Relaxation allowances are calculated so as to allow the worker to recover from fatigue. Relaxation allowance is a addition to the basic time intended to provide the worker with the opportunity to recover from the physiological and psychological effects of carrying out specified work under specified conditions and to allow attention to personal needs. The amount of allowance will depend on nature of the job.
Relaxation allowances are of two types: fixed allowances and variable allowances.

Fixed allowances constitute:

  1. Personal needs allowance:
    It is intended to compensate the operator for the time necessary to leave, the workplace to attend to personal needs like drinking water, smoking, washing hands. Women require longer personal allowance than men. A fair personal allowance is 5% for men, and 7% for women.
  2. Allowances for basic fatigue:
    This allowance is given to compensate for energy expended during working. A common figure considered as allowance is 4% of the basic time.

Variable allowance is allowed to an operator who is working under poor environmental conditions that cannot be improved, added stress and strain in performing the job. The variable fatigue allowance is added to the fixed allowance to an operator who is engaged on medium and heavy work and working under abnormal conditions. The amount of variable fatigue allowance varies from organization to organization.

It is an allowance of time included into the work content of the job to compensate the operator for the unavoidable loss of production due to simultaneous stoppage of two or more machines being operated by him. This allowance is applicable for machine or process controlled jobs. Interference allowance varies in proportion to number of machines assigned to the operator. The interference of the machine increases the work content.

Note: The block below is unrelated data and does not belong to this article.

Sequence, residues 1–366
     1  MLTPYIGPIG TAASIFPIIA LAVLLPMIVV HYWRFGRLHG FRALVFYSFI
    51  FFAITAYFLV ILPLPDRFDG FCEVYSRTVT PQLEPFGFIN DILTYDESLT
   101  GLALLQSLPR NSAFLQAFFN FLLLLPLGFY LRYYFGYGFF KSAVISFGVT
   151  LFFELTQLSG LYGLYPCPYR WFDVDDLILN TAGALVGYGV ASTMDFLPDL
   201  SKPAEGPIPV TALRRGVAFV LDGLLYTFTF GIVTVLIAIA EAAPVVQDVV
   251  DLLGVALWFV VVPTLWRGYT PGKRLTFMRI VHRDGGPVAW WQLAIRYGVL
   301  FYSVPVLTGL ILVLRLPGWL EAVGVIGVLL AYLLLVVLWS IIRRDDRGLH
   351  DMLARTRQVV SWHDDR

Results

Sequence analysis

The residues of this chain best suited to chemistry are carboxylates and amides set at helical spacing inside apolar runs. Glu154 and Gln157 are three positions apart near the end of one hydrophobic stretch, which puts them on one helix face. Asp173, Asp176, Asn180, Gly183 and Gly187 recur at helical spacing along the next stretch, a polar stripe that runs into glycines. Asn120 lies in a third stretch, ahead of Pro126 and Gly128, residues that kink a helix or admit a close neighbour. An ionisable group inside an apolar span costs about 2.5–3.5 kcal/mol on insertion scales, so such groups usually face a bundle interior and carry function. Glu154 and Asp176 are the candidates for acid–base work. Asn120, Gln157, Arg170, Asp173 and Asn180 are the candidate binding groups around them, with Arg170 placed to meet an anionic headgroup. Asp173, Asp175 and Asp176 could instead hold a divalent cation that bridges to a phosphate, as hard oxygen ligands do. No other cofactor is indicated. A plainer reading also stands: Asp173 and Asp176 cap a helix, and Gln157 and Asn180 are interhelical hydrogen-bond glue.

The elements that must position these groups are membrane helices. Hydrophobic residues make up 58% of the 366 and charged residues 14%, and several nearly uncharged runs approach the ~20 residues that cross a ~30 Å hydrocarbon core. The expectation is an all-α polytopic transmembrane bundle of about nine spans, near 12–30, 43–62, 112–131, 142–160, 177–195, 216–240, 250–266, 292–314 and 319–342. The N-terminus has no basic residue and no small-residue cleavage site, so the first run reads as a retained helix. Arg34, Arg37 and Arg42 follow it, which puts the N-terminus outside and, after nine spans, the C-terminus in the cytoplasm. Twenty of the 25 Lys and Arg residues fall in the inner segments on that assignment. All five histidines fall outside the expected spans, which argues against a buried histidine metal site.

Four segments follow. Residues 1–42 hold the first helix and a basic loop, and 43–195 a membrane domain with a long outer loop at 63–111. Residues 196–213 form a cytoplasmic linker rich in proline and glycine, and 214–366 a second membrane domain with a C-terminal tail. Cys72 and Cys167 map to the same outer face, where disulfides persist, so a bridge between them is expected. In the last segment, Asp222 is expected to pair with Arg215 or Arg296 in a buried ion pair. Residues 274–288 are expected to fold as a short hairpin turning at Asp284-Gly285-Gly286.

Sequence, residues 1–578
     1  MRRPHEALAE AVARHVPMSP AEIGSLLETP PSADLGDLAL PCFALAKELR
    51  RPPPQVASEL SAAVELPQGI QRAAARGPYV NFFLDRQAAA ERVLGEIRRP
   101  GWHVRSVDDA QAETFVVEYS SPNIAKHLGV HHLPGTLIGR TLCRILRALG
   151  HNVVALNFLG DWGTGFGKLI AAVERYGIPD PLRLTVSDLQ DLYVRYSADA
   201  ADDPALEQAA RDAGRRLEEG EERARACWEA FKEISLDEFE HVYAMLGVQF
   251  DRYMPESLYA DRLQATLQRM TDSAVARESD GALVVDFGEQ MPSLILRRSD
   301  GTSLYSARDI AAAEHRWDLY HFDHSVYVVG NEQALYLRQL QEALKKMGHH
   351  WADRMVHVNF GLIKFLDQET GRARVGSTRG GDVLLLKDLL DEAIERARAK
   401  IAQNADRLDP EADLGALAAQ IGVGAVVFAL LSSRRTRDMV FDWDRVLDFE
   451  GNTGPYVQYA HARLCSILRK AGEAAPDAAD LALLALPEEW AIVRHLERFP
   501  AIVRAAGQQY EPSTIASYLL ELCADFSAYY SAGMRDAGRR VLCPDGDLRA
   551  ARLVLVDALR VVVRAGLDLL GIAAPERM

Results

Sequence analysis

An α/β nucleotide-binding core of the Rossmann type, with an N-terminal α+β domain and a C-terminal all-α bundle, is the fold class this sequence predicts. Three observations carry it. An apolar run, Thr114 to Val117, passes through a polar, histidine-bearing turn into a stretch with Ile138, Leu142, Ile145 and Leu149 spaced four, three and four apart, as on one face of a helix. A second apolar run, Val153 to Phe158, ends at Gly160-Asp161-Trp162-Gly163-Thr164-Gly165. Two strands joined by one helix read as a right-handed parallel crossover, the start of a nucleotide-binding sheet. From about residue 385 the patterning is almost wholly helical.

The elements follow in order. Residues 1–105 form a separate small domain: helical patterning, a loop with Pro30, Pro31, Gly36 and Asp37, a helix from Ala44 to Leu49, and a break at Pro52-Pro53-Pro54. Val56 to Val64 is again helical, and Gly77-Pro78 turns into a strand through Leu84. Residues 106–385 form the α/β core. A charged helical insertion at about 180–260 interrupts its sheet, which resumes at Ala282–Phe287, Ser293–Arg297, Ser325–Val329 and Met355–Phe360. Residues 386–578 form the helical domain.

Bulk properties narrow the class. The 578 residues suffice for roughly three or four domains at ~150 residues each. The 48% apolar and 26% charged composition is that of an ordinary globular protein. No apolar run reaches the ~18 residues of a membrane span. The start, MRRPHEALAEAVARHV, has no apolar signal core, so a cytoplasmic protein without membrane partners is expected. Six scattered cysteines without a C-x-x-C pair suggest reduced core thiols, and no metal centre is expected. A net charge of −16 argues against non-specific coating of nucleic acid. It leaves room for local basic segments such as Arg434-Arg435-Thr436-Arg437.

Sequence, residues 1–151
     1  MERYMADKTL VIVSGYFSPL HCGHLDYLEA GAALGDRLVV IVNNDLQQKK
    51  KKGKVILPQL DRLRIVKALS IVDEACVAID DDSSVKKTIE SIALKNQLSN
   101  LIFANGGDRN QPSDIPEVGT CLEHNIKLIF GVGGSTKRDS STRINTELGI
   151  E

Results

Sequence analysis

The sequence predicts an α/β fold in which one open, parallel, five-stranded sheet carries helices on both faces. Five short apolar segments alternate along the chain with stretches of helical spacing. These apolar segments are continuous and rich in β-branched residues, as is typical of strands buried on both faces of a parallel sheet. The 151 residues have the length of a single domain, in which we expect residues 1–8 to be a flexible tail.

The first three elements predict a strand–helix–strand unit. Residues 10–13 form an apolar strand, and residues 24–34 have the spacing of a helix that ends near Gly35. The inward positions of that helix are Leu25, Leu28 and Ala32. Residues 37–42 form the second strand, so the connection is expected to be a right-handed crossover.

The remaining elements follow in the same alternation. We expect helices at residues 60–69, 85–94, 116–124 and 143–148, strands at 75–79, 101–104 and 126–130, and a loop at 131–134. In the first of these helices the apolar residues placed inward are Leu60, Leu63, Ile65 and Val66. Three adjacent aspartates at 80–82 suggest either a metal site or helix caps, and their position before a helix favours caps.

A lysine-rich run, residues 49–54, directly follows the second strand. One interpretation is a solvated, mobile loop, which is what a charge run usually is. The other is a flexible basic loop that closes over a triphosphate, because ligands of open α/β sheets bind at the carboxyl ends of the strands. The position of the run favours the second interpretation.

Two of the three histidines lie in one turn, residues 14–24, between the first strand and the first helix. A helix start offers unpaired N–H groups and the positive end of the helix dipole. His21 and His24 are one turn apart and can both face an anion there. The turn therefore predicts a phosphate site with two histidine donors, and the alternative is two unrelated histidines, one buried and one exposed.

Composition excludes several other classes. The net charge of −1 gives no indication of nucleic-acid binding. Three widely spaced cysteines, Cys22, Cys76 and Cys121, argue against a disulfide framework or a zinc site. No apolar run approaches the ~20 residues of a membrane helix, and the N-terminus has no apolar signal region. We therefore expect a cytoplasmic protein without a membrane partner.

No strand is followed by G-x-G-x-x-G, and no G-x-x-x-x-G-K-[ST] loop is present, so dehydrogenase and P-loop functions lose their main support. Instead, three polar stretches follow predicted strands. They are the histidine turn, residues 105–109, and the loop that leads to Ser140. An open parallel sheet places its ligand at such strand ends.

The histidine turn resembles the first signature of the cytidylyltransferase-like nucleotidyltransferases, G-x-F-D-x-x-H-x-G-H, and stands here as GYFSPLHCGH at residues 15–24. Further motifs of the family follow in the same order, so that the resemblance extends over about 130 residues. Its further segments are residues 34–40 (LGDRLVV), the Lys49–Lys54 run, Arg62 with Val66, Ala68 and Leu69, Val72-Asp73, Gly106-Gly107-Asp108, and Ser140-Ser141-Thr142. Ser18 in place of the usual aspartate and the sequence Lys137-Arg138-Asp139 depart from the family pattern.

A contingency allowance is a small allowance of time which may be included in a standard time to meet legitimate and expected items of work or delays. The precise measurement of which is uneconomical because of their infrequent or irregular occurrence.

This allowance provides for small unavoidable delays as well as for occasional minor extra work: Some of the examples calling for contingency allowance are:

  • Tool breakage involving removal of tool from the holder and all other activities to insert new tool into the tool holder.
  • Power failures of small duration.
  • Obtaining the necessary tools and gauges from central tool store. Contingency allowance should not exceed 5%.

Policy allowances are not the genuine part of the time study and should be used with utmost care and only in clearly defined circumstances.The usual reason for making the policy allowance is to line up standard times with requirements of wage agreement between employers and trade unions.

The policy allowance is an increment, other than bonus increment, applied to a standard time (or to some constituent part of it, e.g., work content) to provide a satisfactory level of earnings for a specified level of performance under exceptional circumstances. Policy allowances are sometimes made as imperfect functioning of a division or part of a plant.

ILLUSTRATION 1: Assuming that the total observed time for an operation of assembling an electric switch is 1.00 min. If the rating is 120%, find normal time. If an allowance of 10% is allowed for the operation, determine the standard time.